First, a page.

Is previous experience important for inhibitory control? A comparison between shelter and pet dogs in A-not-B and cylinder tasks
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This study compares the performance of two groups of dogs with different levels of social interaction with humans, shelter and pet dogs, in two inhibitory control tasks. (1) In the A-not-B task, dogs were required to resist searching for food in a previously rewarded location, and (2) in the cylinder task, dogs were required to resist approaching visible food directly in favor of a detour reaching response. Our first aim was to evaluate the importance of learning and ontogeny in performing inhibitory tasks. Also, we assessed whether there is a correlation between the two tasks by comparing performance in the same subjects. Results showed significant differences between shelter and pet dogs in the A-not-B task, with poorer performance in shelter dogs. However, no differences were found in the cylinder task. The poorer performance of shelter dogs might be related to their infrequent interaction with humans, which reduces the chances to learn to inhibit certain behaviors. This result would highlight the importance of ontogeny in developing that ability. On the other hand, no correlations were found between the two tasks, which contributes information to the debate about the context specificity of inhibitory control in dogs.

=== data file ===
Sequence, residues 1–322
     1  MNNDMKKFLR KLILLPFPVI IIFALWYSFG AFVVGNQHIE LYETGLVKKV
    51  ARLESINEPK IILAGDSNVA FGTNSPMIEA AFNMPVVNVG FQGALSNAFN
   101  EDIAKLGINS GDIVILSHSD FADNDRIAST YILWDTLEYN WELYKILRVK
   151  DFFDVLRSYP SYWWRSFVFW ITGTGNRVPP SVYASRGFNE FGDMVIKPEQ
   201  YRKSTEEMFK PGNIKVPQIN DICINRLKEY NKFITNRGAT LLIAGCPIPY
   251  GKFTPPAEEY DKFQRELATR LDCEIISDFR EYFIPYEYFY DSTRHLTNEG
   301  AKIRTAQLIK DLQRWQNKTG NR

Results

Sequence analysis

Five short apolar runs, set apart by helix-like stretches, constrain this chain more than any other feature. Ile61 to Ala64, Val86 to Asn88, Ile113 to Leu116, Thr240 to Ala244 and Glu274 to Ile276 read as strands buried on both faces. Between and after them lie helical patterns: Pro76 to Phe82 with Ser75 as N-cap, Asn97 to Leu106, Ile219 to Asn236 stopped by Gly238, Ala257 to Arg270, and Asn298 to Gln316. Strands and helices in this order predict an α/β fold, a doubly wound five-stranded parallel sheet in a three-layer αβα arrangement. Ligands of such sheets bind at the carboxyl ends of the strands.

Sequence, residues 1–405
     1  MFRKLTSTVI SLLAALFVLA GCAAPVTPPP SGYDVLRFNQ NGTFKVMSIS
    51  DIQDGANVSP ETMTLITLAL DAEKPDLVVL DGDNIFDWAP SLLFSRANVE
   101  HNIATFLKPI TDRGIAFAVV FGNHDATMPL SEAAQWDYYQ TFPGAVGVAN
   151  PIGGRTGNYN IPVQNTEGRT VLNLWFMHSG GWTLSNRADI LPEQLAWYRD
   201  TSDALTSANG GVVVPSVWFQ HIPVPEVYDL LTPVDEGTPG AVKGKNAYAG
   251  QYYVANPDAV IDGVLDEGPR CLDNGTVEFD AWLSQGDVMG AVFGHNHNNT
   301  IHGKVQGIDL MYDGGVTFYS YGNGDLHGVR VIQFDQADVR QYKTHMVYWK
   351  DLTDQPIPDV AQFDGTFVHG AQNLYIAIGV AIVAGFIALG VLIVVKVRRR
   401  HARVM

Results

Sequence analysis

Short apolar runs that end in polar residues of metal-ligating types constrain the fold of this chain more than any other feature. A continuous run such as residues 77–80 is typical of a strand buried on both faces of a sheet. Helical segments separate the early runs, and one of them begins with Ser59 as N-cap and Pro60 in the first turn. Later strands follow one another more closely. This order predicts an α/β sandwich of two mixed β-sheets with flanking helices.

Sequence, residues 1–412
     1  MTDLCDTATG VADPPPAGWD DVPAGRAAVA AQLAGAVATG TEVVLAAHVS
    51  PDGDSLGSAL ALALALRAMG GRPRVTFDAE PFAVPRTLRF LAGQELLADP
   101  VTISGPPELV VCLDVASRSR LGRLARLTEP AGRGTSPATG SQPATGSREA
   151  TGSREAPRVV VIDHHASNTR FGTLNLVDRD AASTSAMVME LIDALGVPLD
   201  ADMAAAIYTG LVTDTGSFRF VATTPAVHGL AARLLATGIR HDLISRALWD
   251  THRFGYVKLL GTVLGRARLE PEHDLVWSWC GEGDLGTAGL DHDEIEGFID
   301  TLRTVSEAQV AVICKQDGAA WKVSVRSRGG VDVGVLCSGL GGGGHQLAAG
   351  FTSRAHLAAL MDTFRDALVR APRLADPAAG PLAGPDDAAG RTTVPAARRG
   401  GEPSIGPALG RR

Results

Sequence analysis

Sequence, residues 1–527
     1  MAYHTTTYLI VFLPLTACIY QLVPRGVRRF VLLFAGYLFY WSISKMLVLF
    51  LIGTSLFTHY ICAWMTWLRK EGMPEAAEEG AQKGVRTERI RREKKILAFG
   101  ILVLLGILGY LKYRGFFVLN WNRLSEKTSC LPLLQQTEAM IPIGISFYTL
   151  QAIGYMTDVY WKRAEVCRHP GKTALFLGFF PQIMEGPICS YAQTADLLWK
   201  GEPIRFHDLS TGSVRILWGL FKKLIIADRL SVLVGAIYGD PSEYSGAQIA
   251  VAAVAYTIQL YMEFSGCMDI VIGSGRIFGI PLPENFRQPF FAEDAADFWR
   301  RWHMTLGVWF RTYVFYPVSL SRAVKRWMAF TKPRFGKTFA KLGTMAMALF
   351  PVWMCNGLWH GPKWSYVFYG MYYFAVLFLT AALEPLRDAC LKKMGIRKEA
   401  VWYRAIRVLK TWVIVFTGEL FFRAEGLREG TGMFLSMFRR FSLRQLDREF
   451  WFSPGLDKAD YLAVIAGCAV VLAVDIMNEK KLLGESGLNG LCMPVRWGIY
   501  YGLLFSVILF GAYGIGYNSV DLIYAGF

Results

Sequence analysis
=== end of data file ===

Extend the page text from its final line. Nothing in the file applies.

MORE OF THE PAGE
KeywordsShelter dogs Inhibitory control Learning A-not-B task Cylinder task
This research was supported by CONICET and AGENCIA (PICT 2010, number 38020). We would like to express our special gratitude to dogs shelter “Soplo de Vida” and specially Alan Kaminsky for their collaboration. Also, we want to express thanks to Gisela Rugna, Victoria Dzik, and Camila Cavalli for helping during data collection. Finally, we appreciate the collaboration of Dr. Claudio Pereira, and all the owners who kindly allowed their dogs to participate in these studies.
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